--Is Jerry Rice going to play one last game with the 49ers? Well, he said on his Sirius radio show that would be his dream scenario.
"The ideal scenario for me would be to sign with them and then take the football field," Rice said, laughing. "Play the game. Why not?"
Rice said he would like for any ceremony to retire his number to happen Nov. 19 when the 49ers face the Seahawks. Rice played his final NFL game with the Seahawks in 2004. But if Rice were to sign a ceremonial one-day contract with the 49ers it would likely take place in training camp when the 49ers might be better able to make a roster adjustment to account for his temporary contract.
--When the 49ers acquired backup quarterback Trent Dilfer in a trade with the Browns, he was issued No. 10. But Dilfer almost immediately had his eye on a number that has not been issued to a 49ers player since 1973.
Former quarterback John Brodie, who played a club-record 17 seasons with the 49ers, had his No. 12 jersey retired in 1973, the same year in which he called it quits. Dilfer has known Brodie for several years. After Dilfer became a member of the 49ers, he called Brodie.
"I'd love to honor you by wearing your number," Dilfer said he told Brodie. "Is that all right? And he said, 'Yes! Yes!' He was all fired up."
Brodie nearly died in 2000 from a massive stroke, which left him with impaired speech and limited use of his right arm. Dilfer hopes he can bring some attention back to Brodie as a candidate for the Pro Football Hall of Fame.
Brodie ranks second in 49ers history with 31,548 yards (behind Joe Montana) and third in touchdowns passes with 214 (behind Montana and Steve Young).
"John has been a huge influence in my life," Dilfer added. "Really, this has nothing to do with me and everything to do with him. I believe he should be in the Hall of Fame, and hopefully his number coming out again will kind of get that thing rolling."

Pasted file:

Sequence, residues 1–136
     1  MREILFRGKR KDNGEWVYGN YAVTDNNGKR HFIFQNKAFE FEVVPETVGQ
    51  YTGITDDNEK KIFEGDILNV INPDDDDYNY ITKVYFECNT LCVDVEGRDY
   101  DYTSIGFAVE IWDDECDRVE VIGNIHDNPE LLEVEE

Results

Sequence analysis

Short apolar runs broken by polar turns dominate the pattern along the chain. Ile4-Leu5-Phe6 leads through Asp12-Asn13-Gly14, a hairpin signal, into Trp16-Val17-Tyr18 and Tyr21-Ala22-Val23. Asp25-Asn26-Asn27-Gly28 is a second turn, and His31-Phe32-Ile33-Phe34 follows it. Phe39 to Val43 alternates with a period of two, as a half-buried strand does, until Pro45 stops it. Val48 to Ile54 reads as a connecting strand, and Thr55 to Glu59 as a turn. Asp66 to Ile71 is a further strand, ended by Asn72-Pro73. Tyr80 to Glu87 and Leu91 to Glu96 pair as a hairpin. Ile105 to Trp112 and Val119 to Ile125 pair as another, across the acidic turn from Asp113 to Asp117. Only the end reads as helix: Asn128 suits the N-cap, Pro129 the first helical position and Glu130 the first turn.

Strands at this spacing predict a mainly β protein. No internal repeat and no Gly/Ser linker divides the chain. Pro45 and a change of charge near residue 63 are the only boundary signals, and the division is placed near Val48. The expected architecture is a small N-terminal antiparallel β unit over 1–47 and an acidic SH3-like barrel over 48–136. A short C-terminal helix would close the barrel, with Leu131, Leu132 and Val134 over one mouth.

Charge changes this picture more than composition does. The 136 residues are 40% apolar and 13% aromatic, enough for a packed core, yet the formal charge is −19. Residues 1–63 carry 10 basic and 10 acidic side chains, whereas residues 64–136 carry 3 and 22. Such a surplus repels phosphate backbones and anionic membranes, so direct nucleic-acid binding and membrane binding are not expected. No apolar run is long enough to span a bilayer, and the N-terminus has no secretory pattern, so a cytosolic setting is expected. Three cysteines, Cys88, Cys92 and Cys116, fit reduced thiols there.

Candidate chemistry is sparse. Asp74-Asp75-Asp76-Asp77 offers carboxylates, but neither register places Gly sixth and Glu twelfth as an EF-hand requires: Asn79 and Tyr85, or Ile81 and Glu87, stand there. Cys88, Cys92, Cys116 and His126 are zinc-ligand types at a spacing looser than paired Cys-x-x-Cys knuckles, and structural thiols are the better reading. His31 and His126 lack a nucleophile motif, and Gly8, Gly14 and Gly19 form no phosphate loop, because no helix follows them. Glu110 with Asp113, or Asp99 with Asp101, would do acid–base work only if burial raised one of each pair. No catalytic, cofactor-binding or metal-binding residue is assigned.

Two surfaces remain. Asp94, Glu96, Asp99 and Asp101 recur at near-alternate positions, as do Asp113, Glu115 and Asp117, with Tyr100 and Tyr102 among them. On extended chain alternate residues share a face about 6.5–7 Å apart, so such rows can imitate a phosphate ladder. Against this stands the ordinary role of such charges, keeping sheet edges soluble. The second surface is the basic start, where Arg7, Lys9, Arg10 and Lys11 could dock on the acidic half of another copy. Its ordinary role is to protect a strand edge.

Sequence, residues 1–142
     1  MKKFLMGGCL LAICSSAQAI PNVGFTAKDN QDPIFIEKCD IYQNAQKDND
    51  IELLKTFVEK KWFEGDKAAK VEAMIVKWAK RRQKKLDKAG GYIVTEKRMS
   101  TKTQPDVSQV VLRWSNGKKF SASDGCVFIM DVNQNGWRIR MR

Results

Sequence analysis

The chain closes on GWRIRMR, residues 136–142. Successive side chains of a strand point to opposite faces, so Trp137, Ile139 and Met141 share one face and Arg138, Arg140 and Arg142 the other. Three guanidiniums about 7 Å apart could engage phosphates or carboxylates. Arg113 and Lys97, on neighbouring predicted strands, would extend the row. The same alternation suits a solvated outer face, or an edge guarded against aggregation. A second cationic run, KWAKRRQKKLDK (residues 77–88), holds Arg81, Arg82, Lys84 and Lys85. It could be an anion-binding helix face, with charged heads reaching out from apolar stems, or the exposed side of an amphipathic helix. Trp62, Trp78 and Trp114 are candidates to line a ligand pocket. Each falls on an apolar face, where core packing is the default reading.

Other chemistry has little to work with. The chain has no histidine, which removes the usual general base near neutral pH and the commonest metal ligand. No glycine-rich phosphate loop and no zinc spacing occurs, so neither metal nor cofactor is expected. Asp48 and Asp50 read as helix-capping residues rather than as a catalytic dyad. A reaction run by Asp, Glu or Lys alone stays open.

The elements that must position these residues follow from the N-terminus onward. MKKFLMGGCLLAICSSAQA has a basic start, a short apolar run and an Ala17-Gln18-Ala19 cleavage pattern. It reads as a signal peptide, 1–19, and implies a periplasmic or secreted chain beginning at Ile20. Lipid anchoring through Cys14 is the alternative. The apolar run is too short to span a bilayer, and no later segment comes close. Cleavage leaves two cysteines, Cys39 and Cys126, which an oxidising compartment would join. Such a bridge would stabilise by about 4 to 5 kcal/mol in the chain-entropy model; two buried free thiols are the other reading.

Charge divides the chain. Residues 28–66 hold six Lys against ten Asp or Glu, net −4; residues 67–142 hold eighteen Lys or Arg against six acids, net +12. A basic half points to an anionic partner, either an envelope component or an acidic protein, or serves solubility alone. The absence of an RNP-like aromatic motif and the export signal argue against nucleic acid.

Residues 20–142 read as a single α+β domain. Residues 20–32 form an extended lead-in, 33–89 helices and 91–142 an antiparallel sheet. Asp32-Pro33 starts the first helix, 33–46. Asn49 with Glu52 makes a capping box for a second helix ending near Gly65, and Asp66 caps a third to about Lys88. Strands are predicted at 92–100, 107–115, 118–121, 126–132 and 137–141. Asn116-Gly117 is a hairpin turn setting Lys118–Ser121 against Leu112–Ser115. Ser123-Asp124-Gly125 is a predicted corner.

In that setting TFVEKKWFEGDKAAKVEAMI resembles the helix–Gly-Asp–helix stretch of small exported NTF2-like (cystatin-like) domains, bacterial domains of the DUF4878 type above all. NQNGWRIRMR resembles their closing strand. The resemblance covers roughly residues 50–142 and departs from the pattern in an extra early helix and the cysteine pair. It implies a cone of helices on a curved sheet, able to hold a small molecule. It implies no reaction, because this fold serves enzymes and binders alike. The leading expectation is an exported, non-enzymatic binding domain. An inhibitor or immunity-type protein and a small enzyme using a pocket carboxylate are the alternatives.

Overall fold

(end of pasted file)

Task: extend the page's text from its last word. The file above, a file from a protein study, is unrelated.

--Joe Montana attended Notre Dame, which has one of the richest football traditions in college football. The 49ers became a dynasty with him at quarterback.
Now, his sons will be attending a school that boasts the most dominant football program of them all. Montana's two sons recently enrolled at De La Salle High in Concord, Calif. The school had its record win streak of 151 games snapped two years ago. Montana's eldest son, Nathaniel, decided he will not play football in his junior season, concentrating on basketball. However, freshman Nicholas Montana is a quarterback.
--The 49ers and HNTB Architecture Inc. announced a preliminary design for a possible stadium to replace dilapidated Monster Park (Candlestick) for the 2012 season. The 68,000-seat stadium can be expanded to up to 80,000 for such events as the Super Bowl, Olympic opening and closing ceremonies and World Cup soccer.
However, the plan has not been given the green light, and political battles are certain to pose hurdles. Also, the club has not yet presented a financing plan for the stadium that will be built entirely with private money, according to team owner John York.
If the 49ers are unable to build the stadium in San Francisco, they say that they will try to get the project completed in about 40 miles south in Santa Clara.
QUOTE TO NOTE
"Losing was frustrating; not playing well was frustrating. Especially when I know I can play so much better. Being out here at practice and knowing I can make these throws, knowing I can play at this level and be good at this level, then going out on Sundays and to not play to that potential is frustrating." -- 49ers quarterback Alex Smith on the struggles of his rookie season.
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